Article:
Prodigal – having or giving something on a lavish scale

Sooooooo much Good & Plenty of stuff in Timothy Keller’s The Prodigal God.

images                                   (#sidenote #ilovethiscandy)

We now see that the true elder brother is Jesus.

“My son, everything I have is yours.”

What a wonderful revelation!  How sad the elder brother never accepted that.

*Pride in his good deeds, rather than remorse over his bad deeds, was keeping the older son out of the feast of salvation. The elder brother’s problem is his self-righteousness

*To truly become Christians we must also repent of the reasons we ever did anything right.

In this parable we notice how the father (God) goes to each child and expresses love to them in order to bring them in.

*The father’s lavish affection makes the younger son’s expression of remorse far easier.

*The point of the parable is that forgiveness always involves a price— someone has to pay. There was no way for the younger brother to return to the family unless the older brother bore the cost himself. Our true elder brother paid our debt, on the cross, in our place.

*The key difference between a Pharisee and a believer in Jesus is inner-heart motivation.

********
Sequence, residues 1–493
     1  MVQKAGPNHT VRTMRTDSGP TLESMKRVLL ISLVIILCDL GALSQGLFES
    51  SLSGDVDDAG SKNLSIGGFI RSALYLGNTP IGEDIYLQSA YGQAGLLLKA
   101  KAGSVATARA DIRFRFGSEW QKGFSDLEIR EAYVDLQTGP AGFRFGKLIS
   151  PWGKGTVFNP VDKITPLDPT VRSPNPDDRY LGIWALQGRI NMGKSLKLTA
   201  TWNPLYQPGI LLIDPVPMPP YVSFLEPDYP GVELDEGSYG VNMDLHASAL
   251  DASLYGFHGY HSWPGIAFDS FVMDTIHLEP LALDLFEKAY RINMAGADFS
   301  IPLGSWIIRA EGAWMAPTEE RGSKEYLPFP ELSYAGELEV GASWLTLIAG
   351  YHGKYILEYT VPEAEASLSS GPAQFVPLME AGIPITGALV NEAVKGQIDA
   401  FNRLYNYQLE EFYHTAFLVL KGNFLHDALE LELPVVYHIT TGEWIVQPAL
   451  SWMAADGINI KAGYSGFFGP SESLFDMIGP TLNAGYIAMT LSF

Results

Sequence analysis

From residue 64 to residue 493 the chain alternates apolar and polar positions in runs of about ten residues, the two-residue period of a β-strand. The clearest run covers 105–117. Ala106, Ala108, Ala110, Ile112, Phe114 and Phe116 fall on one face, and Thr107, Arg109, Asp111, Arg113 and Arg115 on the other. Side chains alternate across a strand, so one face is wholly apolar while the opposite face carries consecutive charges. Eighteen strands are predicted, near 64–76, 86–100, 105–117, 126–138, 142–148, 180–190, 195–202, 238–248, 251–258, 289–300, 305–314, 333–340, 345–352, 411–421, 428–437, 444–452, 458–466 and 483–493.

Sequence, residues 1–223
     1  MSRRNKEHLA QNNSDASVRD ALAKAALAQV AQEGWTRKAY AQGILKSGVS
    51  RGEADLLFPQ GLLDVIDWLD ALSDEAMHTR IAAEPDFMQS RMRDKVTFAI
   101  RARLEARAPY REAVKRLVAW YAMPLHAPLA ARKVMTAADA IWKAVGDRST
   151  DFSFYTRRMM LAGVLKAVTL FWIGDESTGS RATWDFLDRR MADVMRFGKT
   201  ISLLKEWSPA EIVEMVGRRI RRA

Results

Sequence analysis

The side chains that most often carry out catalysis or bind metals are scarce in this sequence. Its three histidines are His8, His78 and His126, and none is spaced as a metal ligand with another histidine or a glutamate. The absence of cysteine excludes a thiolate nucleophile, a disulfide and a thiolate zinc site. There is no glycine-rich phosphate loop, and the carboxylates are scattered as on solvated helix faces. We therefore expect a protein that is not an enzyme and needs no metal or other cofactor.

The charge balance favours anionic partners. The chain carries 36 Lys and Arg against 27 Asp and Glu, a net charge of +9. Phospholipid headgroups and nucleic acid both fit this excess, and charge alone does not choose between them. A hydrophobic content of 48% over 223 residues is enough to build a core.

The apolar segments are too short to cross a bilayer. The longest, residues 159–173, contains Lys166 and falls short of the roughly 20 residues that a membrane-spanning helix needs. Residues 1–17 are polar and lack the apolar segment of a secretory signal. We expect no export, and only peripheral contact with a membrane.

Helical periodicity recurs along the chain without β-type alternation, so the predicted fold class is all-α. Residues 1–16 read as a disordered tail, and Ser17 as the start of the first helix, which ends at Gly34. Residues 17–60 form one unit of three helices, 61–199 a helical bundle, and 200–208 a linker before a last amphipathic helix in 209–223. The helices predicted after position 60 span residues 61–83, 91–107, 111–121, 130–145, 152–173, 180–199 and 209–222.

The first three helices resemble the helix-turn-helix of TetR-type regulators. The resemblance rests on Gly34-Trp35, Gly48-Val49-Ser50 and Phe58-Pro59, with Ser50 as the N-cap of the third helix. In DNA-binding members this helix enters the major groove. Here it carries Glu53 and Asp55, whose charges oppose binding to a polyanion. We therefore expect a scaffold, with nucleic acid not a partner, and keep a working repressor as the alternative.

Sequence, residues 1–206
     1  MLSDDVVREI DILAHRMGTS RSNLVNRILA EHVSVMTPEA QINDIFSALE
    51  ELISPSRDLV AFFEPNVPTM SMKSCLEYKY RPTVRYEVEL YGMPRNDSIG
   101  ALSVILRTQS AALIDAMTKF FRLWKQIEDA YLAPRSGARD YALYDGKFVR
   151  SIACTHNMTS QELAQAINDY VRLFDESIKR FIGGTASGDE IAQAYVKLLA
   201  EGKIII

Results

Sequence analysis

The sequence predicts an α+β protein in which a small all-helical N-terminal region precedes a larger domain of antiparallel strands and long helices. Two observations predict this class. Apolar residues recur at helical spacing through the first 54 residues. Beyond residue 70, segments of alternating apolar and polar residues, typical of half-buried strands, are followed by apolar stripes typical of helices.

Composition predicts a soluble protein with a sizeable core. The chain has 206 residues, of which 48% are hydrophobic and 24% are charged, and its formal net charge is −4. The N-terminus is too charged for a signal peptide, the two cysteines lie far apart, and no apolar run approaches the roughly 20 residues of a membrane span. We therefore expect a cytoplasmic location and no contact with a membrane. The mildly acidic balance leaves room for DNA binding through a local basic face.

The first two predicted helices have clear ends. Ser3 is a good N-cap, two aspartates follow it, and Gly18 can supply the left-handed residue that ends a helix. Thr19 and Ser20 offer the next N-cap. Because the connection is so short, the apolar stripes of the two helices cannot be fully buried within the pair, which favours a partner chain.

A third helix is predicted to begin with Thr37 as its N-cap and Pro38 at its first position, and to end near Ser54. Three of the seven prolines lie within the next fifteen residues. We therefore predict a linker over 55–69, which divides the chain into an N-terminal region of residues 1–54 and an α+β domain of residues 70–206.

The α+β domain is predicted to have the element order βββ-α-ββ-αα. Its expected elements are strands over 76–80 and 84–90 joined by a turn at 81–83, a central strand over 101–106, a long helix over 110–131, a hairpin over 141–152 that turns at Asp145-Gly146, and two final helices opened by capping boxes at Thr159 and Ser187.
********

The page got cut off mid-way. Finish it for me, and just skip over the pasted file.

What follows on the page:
*Christians have seen something that has transformed their hearts toward God so they can finally love and rest in the Father.

Keller uses this story to drive his point home: “The acclaimed foreign film Three Seasons is a series of vignettes about life in postwar Vietnam. One of the stories is about a Hai, a cyclo driver (a bicycle rickshaw), and Lan, a beautiful prostitute. Both have deep, unfulfilled desires. Hai is in love with Lan, but she is out of his price range. Lan lives in grinding poverty and longs to live in the beautiful world of the elegant hotels where she works, but in which she never spends the night. She hopes that the money she makes by prostitution will be her means of escape, but instead the work brutalizes and enslaves her. Then Hai enters a cyclo race and wins the top prize. With the money he brings Lan to the hotel. He pays for the night and pays her fee. Then, to everyone’s shock, he tells her he just wants to watch her fall asleep. Instead of using the power of his wealth to have sex with her, he spends it to purchase a place for her for one night in the normal world, to fulfill her desire to belong. Lan finds such grace deeply troubling at first, thinking Hai has done this to control her. When it becomes apparent that he is using his power to serve rather than use her, it begins to transform her, making it impossible to return to a life of prostitution.”

*We will never stop being younger brothers or elder brothers until we acknowledge our need, rest by faith, and gaze in wonder at the work of our true elder brother, Jesus Christ.

Keller, Timothy (2008-09-25). The Prodigal God. Riverhead Trade.



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